In 2016, mad genius Anno Hideaki took time off from his twenty-year-long project of remixing, remaking, revising, and reinterpreting his classic anime TV series Neon Genesis Evangelion to reboot the world’s most popular kaiju franchise with Shin Godzilla. A hit at home and an instant cult favorite in the US, Shin Godzilla was the first in a projected trilogy of reboots of beloved properties of post-war Japanese science fiction (specifically the tokusatsu genre, in which the emphasis is on practical special effects), with this year’s Shin Ultraman to be followed by Shin Kamen Rider supposedly in 2023 (though given Anno’s history with deadlines, who knows when we’ll get to see it). Unlike American attempts at Godzilla films, Anno and his co-writer and director Higuchi Shinji, are more interested in using special effects creatively than obsessively chasing after verisimilitude. Thus their films have a charm lacking in Hollywood effects movies: they effectively balance the retro appeal of the original ‘50s and ‘60s products with modern techniques and approaches to storytelling without devolving into intentional campiness or condescending quaintness.
In Shin Godzilla, Anno and Higuchi mixed their increasingly dire monster movie disasters with a healthy and often hilarious satire of bureaucracy and humanity’s near inability to cope with the unimaginable. As the follow-up, Shin Ultraman slims down its cast from the first film, to the relief of subtitlers everywhere no longer required to transcribe massive amounts of on-screen text listing job titles and locations with every cut. Instead, after a quick prologue that runs us through the recent history of various monster attacks (“for some reason they only seem to attack Japan,” one functionary muses) it focuses primarily on Japan’s new anti-kaiju task force, led by Drive My Car star Nishijima Hidetoshi. The new woman on the team is played by Nagasawa Masami, who has Godzilla experience dating back to the early 2000s (and also has starred in films by Kurosawa Kiyoshi and Hirokazu Kore-eda, as well as last year’s Detective Chinatown 3). She tries to strike up a friendship with her new partner (Saitoh Takumi), but he seems a bit weird. It turns out that’s because he’s the human form of Ultraman, a giant space being who mysteriously appears at key moments to defend humanity from the various attacking kaiju.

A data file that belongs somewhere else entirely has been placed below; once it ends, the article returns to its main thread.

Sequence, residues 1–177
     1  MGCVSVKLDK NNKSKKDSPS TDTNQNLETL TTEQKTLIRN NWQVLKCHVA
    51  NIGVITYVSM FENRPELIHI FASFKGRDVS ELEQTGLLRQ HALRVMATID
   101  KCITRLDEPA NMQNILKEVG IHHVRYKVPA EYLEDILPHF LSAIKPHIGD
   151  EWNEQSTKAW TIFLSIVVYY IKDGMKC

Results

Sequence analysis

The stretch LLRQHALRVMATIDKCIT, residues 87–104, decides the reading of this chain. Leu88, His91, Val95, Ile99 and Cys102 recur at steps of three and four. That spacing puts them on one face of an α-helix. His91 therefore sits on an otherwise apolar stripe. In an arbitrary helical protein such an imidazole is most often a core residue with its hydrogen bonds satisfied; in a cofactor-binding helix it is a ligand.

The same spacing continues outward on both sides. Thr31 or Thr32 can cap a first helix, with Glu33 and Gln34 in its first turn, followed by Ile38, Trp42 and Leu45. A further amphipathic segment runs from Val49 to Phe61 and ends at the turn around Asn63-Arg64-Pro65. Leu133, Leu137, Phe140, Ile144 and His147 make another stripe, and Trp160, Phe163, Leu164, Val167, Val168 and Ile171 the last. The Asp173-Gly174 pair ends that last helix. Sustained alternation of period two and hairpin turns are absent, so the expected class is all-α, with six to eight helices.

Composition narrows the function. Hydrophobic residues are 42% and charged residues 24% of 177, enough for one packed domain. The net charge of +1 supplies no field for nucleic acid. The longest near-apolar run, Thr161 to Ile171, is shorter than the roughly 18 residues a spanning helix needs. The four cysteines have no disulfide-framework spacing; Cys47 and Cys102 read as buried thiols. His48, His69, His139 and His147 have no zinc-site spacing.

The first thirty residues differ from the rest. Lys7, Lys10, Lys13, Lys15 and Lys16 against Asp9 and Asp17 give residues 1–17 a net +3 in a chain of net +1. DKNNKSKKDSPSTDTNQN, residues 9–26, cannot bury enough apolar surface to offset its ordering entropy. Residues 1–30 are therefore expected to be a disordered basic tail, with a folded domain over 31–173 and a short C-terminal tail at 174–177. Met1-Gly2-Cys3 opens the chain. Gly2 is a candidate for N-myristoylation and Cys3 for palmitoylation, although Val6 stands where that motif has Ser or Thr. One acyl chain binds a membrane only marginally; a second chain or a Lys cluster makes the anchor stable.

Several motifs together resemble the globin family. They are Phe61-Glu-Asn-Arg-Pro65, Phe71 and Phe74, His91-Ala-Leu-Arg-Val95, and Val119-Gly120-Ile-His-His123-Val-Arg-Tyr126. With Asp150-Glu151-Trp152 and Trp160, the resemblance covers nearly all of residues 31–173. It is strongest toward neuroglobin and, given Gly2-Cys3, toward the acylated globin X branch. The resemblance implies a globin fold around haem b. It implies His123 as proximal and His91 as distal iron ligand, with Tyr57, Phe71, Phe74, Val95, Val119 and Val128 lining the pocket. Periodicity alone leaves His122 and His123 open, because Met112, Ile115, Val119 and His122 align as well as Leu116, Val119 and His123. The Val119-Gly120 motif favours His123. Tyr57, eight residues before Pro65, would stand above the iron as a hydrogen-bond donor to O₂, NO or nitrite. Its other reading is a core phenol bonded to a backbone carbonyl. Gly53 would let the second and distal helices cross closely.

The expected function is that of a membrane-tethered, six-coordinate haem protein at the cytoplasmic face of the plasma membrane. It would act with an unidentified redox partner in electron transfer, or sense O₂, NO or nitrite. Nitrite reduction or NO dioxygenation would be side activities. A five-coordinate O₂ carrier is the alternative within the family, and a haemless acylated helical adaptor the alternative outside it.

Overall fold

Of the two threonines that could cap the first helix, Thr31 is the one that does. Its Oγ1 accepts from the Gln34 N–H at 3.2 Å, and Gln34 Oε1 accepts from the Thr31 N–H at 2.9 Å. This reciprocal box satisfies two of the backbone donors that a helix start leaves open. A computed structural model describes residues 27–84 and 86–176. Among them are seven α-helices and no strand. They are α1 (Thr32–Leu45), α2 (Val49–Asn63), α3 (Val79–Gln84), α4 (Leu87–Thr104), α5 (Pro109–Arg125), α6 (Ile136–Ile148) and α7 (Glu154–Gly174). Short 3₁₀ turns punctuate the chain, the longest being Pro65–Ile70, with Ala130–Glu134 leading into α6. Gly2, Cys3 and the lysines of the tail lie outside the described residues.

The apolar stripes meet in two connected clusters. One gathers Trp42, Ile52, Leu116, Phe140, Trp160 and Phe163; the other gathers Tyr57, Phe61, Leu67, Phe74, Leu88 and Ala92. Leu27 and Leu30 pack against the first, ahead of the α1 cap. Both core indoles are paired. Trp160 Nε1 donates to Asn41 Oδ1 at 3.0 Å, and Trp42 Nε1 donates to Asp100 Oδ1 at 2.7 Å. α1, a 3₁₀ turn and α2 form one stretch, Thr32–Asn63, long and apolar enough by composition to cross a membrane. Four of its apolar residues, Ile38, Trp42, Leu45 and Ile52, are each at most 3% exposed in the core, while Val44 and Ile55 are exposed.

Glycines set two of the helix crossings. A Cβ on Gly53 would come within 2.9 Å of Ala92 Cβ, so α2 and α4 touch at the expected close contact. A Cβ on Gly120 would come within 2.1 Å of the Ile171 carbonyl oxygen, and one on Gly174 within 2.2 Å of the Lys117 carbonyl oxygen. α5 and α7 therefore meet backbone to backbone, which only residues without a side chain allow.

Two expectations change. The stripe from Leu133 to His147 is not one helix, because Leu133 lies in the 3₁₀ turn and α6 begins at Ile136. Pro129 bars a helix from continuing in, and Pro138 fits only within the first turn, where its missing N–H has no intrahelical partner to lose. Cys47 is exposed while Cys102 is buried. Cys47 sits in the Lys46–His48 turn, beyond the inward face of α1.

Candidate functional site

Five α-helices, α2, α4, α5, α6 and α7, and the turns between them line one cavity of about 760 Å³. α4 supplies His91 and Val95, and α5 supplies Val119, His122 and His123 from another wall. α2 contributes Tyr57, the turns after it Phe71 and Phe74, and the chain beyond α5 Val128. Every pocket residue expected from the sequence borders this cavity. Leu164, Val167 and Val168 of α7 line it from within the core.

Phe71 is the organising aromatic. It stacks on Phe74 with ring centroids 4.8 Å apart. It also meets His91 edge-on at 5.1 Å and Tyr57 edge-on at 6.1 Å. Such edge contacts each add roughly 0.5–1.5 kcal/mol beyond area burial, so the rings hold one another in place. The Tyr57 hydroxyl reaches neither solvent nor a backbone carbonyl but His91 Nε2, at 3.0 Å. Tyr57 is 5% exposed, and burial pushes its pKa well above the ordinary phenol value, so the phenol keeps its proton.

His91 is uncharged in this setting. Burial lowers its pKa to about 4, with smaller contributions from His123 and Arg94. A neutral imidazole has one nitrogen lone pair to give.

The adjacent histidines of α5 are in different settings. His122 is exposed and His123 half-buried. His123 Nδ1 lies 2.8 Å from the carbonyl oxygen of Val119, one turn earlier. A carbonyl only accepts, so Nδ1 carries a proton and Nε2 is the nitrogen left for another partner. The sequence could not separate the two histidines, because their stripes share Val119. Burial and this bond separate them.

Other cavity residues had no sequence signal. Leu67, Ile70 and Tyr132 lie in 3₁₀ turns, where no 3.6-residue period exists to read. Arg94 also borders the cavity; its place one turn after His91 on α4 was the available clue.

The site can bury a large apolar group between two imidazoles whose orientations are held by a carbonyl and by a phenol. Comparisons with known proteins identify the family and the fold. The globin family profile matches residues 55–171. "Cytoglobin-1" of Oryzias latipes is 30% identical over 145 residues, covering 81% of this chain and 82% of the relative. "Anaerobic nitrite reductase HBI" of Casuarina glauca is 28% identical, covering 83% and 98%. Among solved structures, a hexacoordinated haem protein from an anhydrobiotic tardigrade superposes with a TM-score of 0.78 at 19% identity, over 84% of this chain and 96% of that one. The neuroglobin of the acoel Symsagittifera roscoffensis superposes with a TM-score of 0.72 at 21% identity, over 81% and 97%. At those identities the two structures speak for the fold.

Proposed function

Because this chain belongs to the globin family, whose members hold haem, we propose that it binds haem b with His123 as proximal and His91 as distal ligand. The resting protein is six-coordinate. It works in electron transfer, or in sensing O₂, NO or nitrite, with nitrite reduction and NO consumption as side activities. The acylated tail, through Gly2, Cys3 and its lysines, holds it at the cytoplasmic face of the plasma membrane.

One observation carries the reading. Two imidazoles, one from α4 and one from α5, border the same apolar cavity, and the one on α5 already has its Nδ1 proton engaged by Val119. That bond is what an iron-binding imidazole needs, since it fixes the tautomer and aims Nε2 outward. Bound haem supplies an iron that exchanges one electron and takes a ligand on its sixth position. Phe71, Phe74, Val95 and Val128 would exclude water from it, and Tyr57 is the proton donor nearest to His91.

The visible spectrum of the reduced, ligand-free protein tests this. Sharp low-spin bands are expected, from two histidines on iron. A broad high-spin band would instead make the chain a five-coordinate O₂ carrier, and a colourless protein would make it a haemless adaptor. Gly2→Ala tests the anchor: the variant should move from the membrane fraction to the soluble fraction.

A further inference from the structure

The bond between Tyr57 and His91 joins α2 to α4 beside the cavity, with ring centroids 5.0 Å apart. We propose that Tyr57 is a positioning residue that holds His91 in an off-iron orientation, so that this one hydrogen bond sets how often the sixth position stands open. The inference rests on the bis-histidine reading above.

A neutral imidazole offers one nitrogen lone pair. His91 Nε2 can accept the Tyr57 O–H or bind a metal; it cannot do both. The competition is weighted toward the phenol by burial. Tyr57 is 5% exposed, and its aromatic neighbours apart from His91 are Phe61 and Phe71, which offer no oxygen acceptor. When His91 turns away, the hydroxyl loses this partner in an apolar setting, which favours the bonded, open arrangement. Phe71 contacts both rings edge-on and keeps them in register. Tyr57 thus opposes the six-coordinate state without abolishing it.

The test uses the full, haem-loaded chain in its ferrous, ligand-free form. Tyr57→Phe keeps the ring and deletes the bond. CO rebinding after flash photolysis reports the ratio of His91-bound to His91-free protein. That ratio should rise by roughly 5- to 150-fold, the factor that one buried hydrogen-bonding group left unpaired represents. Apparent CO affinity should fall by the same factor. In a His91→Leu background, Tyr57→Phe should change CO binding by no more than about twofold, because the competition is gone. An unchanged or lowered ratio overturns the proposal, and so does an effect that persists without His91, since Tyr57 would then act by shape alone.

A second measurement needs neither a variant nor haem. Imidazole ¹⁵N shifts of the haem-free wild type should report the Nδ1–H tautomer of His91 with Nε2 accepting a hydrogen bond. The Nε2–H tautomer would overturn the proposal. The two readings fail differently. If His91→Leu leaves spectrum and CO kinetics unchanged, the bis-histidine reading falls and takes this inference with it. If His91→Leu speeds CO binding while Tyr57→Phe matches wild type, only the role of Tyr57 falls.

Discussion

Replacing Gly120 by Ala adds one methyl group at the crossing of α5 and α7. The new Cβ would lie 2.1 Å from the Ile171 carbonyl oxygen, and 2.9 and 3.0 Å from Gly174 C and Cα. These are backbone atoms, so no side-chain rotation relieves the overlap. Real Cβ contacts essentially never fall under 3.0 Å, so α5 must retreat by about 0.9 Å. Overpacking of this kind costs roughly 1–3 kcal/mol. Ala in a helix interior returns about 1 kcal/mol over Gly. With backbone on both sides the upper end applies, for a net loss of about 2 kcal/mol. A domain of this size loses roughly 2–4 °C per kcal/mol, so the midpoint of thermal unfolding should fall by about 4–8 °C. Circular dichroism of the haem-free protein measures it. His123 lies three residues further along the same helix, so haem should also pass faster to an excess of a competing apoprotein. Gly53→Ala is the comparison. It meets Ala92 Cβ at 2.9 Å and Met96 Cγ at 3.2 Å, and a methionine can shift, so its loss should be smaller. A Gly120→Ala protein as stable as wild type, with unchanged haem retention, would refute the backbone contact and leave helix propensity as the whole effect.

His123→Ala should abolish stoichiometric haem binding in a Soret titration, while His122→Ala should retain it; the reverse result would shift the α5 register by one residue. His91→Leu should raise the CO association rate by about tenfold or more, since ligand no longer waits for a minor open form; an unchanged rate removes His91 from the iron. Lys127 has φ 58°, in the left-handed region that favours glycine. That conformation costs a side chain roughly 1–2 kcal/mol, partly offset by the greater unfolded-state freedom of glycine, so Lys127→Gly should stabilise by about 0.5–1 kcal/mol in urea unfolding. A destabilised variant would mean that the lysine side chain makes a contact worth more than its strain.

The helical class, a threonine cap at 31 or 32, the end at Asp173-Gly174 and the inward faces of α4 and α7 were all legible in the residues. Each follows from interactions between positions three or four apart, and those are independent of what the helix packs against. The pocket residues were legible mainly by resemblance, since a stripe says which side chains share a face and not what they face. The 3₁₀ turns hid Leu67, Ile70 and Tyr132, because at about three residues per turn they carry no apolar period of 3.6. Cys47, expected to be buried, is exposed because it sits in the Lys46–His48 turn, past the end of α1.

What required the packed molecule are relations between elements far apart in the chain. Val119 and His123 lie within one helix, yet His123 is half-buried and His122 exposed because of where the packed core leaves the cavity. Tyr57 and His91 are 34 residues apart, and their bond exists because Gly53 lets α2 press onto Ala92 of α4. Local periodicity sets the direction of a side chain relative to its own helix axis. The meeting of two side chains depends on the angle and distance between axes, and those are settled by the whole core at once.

The film is episodic in structure, with first kaiju and then various extraterrestrials who are attempting to either enslave or destroy the Earth setting up challenges for the human team to figure out and/or Ultraman to solve with his various wondrous abilities. There’s a lot of breathless talk about magic elements like Spacium 133 and unexpected numbers of dimensions. But it all basically boils down to the fact that Ultraman thinks people are worth saving, while the rest of the universe sees us as raw material, basic resources for advanced weapons (in this respect, it reminds of Stan Lee and Jack Kirby’s Silver Surfer). In place of Shin Godzilla’s critique of bureaucracy, there’s a throughline about individualism versus teamwork, as every member of the task force turns out to be key to saving both humanity and Ultraman himself (even the guy who repeatedly wonders what the point of learning anything is in a universe where humanity is so hopelessly ignorant). And Higuchi (taking sole directorial credit this time, with Anno credited as writer and co-editor) gives us a profusion of hilariously weird shots of people sitting around offices talking to each other. The compositions come from overhead at odd angles, or from the side through a crook in an elbow or the arm of a chair, or from far below, at the point of view of a keyboard or computer screen or the inside of a bag of chips. There’s not exactly any particular reason for these perspectives, or for the fact that Higuchi and Anno hyperactively cut from one to another within a scene seemingly at random, other than to liven up what could otherwise be lengthy scenes of incomprehensible exposition. But it’s tremendously slick and entertaining, and that, above all, is indicative of what’s so vital about Shin Ultraman: it’s simply the most fun movie I’ve seen in quite a long time.
Published as part of New York Asian Film Festival 2022 — Dispatch 1.